• News Retrospective

    ‘The Myth of the Artist Starving’

    Looking back at the '80s market boom and other excerpts from our coverage 100, 75, 50, and 25 years ago

    100 YEARS AGO

    George Bellows, Little Girl in White (Queenie Burnett), 1907, oil on canvas.


    The total of sales thus far at the present Academy Exhibition and the reports from dealers selling Americans and the studios, of a good market for the best American pictures, is indeed encouraging news, as it comes towards the close of a dull art season. Good prices for American paintings have been obtained and prevail at auction sales. Can it be that our native art is coming to its own with the waning demand for seemingly any but the best and famous paintings by early foreign masters at enormous prices?
    From “American Art Booming,” April 19, 1913

    75 YEARS AGO

    Henri Rousseau, The Sleeping Gypsy, 1897, oil on canvas.


    Best known of the French artists is Rousseau, le douanier. His powerful expression and perfect precision are present in nearly a score of canvases. Camille Bombois, the son of a boatman, is somewhat known in this country, but in the twenty examples from his hand, his superb color, his robustness, and the forceful, unhesitating translation of exactly the world he sees, will undoubtedly make him new friends. The work of Dominique-Paul Peyronnet, a printer in color lithography, is enchantingly represented by his Foggy Sea, a literal presentation, instinct with a sense of pattern.
    From “Primitive Paints from the People: French & American,” by Jeannette Lowe, April 30, 1938

    50 YEARS AGO

    Paul Cézanne, The Balcony, 1890-1900, watercolor and graphite on wove paper.


    It has often been said that every generation recreates the art of the past in its own image. While this is hardly true of many famous artists, it does apply to Cézanne, who has been acclaimed by almost every school of modern criticism as an outstanding exponent of its own esthetic doctrine. Thus his late watercolors, which had seemed to Delaunay to “announce Cubism [since] the colored, or rather, luminous planes destroy the object,” became for an Expressionist like Meier-Graefe, models of a spiritual austerity, “nothing that, according to their nature, they should not be,” while the Surrealists later saw in them precursors of their own magical art, “prismatic universes crossed by jagged rainbows.”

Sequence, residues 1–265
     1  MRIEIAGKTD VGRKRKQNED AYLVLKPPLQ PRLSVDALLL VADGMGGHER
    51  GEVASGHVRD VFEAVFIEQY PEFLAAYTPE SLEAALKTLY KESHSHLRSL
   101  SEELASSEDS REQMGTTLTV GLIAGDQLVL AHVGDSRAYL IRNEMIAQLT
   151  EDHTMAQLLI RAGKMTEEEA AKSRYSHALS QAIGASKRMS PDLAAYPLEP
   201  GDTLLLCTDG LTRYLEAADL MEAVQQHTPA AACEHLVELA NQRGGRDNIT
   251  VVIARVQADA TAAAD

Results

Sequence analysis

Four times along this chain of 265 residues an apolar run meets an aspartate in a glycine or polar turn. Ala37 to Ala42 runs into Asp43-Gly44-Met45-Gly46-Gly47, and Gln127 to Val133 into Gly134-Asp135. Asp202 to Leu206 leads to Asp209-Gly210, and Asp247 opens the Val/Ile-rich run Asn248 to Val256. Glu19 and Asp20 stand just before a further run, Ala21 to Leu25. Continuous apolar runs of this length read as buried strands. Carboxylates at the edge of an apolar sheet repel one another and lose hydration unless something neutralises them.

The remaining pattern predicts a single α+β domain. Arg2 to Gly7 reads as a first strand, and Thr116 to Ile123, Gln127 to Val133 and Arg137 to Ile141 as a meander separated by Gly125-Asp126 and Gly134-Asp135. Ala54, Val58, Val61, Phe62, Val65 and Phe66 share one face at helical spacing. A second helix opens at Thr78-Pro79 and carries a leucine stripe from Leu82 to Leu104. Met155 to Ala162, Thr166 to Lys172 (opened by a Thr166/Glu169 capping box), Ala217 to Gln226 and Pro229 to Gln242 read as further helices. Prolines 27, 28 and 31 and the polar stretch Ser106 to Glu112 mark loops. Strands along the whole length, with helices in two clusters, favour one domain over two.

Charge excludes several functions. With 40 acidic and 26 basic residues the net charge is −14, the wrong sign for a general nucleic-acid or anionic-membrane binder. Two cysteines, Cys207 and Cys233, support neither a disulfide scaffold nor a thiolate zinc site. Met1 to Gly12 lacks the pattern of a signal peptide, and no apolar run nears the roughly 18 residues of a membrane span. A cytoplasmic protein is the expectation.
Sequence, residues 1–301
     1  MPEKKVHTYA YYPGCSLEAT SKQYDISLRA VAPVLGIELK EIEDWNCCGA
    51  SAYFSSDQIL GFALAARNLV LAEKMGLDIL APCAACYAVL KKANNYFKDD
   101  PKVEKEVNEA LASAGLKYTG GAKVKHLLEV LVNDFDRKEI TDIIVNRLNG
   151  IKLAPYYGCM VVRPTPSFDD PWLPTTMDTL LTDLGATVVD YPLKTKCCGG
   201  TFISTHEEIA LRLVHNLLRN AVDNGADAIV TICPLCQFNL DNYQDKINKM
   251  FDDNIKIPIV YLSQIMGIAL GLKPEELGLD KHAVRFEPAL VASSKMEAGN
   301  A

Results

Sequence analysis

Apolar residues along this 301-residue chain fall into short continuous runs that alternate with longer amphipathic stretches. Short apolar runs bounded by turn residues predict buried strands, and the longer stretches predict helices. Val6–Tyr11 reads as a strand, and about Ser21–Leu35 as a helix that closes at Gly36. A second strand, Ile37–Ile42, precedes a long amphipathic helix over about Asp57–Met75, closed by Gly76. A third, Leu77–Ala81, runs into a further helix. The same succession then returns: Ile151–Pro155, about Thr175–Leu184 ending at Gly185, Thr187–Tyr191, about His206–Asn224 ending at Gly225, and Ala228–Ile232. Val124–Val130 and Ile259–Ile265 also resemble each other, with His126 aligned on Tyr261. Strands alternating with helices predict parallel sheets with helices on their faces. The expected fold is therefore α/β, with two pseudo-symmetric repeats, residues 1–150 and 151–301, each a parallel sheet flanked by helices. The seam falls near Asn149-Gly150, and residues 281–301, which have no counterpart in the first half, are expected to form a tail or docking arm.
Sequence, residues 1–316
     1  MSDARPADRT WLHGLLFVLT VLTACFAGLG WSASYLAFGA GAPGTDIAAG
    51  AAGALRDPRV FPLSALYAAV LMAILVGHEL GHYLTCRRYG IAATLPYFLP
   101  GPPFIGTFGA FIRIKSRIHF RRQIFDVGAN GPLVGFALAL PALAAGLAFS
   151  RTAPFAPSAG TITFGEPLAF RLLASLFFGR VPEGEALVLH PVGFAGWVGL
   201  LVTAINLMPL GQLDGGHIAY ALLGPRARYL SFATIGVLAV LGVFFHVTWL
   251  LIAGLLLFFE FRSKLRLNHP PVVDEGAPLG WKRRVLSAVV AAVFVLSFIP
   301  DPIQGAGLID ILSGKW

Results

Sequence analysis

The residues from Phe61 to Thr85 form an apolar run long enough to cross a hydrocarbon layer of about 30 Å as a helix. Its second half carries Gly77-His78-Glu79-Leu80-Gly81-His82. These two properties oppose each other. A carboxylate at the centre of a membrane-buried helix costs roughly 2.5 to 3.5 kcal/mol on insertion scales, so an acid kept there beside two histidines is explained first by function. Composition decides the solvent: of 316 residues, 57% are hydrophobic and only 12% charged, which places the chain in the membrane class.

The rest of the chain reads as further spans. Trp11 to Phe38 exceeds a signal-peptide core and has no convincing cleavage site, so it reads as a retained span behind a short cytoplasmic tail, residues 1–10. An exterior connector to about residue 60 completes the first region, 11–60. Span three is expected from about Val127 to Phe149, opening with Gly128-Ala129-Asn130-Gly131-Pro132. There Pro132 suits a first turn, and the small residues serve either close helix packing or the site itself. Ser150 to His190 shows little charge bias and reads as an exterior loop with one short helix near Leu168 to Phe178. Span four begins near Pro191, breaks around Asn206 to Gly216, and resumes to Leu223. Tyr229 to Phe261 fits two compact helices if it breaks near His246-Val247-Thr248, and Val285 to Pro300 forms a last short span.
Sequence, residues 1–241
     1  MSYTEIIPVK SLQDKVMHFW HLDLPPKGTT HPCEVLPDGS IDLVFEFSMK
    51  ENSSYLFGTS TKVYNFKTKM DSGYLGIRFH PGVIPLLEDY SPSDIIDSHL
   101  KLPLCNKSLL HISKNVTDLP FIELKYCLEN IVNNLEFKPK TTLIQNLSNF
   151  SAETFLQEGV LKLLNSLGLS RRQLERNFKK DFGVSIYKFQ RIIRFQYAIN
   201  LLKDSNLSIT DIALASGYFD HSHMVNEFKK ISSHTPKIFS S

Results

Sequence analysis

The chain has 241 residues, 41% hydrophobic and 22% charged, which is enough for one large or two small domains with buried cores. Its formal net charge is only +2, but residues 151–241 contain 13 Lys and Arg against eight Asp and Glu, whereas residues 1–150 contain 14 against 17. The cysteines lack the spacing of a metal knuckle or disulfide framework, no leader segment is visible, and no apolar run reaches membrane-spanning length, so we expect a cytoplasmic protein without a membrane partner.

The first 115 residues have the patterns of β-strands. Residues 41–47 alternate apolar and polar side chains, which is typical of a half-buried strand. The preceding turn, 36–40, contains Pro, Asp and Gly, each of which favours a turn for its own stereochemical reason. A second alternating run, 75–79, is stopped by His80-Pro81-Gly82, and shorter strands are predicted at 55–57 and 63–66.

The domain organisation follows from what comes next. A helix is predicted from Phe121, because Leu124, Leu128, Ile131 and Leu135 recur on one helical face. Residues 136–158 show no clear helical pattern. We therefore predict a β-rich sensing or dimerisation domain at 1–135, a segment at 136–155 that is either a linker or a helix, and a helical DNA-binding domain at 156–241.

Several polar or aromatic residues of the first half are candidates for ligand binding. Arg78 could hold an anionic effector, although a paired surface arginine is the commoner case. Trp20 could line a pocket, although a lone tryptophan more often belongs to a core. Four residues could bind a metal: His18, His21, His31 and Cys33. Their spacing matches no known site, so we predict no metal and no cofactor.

From “Cézanne: The logical mystery,” by Theodore Reff, April 1963

    25 YEARS AGO

    Richmond Burton, Study for Thought Plane, 1987, oil on wood.


    Nonetheless, many young artists express a good deal of frustration. They keep hearing about all that money, but little of it seems to be working its way down to them. Richmond Burton, a 27-year-old painter from Alabama who recently had his first one-man show, at Postmasters gallery in New York, says, “The benefits of the art boom trickling down to someone like me are minimal. A lot of people like to tout themselves as discoverers, but when it comes down to it, they’re very reluctant to pay $3,500 for an unknown artist.” For Burton, who also teaches painting, all the talk about the importance of money is just that, talk. “Too much is made of it. Some of my students say, ‘I’m only in it for the money,’ but that’s just naiveté. It’s a fashionable thing to say at the moment. The reasons for painting, for being an artist, are always the same, I believe. You have to do it for yourself, and out of the desire to make a contribution.”

    More artists, while reluctant to make sweeping pronouncements, tend to view art as essentially immune to any debasing influence that money might theoretically have. Ross Bleckner insists that there have always been bad artists, and whether it’s the money factor or something else that catches them out is irrelevant: “Young artists who are just looking around to sell their paintings will eventually find their place. They’ll become Palm Beach painters.”

    David Hockney, similarly, takes the long view. He doesn’t find anything new in all this; for him, what we are experiencing is only the latest in a long series of expansive movements in the art world. “The art world has gone mad in its prices,” he says. “But it’s always been a bit like that. Rembrandt and Michelangelo weren’t cheap. When Rembrandt sold a print for a hundred guilders, it was such an immense sum at that time that that was how the print came to be known, as The Hundred Guilder Print.”

    Robert Rosenblum maintains that if there has been a loss of innocence, that’s not necessarily a bad thing. “There has been a real change—artists do think of themselves as businessmen now. Yet as far as making good art or bad, it hasn’t had an effect. I say emphatically that it has had no relationship to the quality of the art. The myth of the artist starving in his garret—the idea that poverty, chastity, and obedience make for good art—has been exploded.”
    From “Self-Portraits in a Changing Landscape,” by Jamie James, April 1988

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